En las tres conjugaciones de verbos en español, la tercera persona singular forma su pretérito simple con terminación en -o, como «amó», «tuvo» o «dijo». Pero la forma de la que provienen en latín, a saber el perfecto, tenía terminación -avit, -ait, -uit, -it; en general -it final.

Cuando evolucionó hacia la forma española moderna, la forma para la primera persona singular que solo difería por la -t final de aquella de la tercera, resultó en una terminación con -e como «amé», «tuve» o «dije» y siguiendo el paradigma de otras palabras similares, la 3.p.s. debió haber resultado igual pues la pronta pérdida de la -t final habría dejado las formas de ambas personas iguales. Sin embargo hoy en día tenemos que este tiempo termina en -o, ¿por qué? ¿Qué origen tiene?

1 Answer 1


Some digging around on the internet reveals that Ian Mackenzie at the University of Newcastle (UK) knows the answer. The relevant page on verbs is here. In that page there are some links to other material which have not copied across in my version below. I know your question is in Spanish but I hope the English version below helps you.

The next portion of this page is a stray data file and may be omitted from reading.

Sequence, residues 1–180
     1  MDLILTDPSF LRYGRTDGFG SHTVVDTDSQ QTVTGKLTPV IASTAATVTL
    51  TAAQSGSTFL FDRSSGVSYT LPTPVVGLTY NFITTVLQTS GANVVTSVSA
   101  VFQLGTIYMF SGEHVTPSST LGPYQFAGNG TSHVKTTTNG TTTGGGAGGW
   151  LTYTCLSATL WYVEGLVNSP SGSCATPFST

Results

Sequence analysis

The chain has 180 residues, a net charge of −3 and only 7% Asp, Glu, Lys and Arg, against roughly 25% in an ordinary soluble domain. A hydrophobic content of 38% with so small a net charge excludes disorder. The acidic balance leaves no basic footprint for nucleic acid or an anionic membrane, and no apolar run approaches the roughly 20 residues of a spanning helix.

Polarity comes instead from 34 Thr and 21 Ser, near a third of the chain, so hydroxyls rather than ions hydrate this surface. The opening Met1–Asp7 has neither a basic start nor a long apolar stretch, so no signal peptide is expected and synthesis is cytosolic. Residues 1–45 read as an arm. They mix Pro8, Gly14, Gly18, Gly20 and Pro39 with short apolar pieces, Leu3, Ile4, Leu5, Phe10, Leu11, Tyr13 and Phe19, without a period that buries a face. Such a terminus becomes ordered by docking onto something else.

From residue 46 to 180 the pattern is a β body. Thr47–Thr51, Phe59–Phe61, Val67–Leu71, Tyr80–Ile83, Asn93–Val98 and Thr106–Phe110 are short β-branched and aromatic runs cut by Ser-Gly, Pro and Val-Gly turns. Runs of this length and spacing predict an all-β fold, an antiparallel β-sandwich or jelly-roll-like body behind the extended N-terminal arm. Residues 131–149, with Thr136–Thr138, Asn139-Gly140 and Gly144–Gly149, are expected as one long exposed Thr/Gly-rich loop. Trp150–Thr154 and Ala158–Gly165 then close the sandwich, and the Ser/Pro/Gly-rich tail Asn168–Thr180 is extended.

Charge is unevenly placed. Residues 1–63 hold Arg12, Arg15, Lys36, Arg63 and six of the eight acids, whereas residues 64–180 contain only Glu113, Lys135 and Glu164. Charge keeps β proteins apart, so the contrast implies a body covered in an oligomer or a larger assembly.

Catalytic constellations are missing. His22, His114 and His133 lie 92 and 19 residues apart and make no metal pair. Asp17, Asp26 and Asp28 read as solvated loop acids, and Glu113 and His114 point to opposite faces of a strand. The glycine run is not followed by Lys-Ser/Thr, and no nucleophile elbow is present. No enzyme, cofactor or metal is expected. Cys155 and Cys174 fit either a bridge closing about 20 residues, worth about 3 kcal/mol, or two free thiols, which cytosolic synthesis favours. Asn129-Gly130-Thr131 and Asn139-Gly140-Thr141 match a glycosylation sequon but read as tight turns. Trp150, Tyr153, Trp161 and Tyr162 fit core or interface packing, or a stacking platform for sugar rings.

In contrast to what happened in the first person singular, the consonantal element -v- appears to have been retained in the third person singular, and the contraction consisted in the elision of the vowel ĭ that came immediately after it. The endings -āvĭt and -īvĭt were thus reduced to [-awt] and [-iwt] respectively.

In the -āre ending, [aw] underwent its normal reduction to /o/, producing the ending -ot which is found in early Old Spanish. In the -īre ending, the semivowel [w] became syllabic, i.e. [ˈiwt] > [ˈiut]. As happened generally, /u/ in final syllables was replaced by /o/, resulting in the early Old Spanish ending -iot, initially pronounced [ˈiot] but over time evolving to [ˈjot]. The final /t/ of both -ot and -iot went the way of Latin final /t/ generally, not surviving much beyond the eleventh century. Following this latter development, the third person singular endings were as they are in modern Spanish, namely -ó and -ió (although the practice of indicating the stress with a written accent dates from the early modern period).

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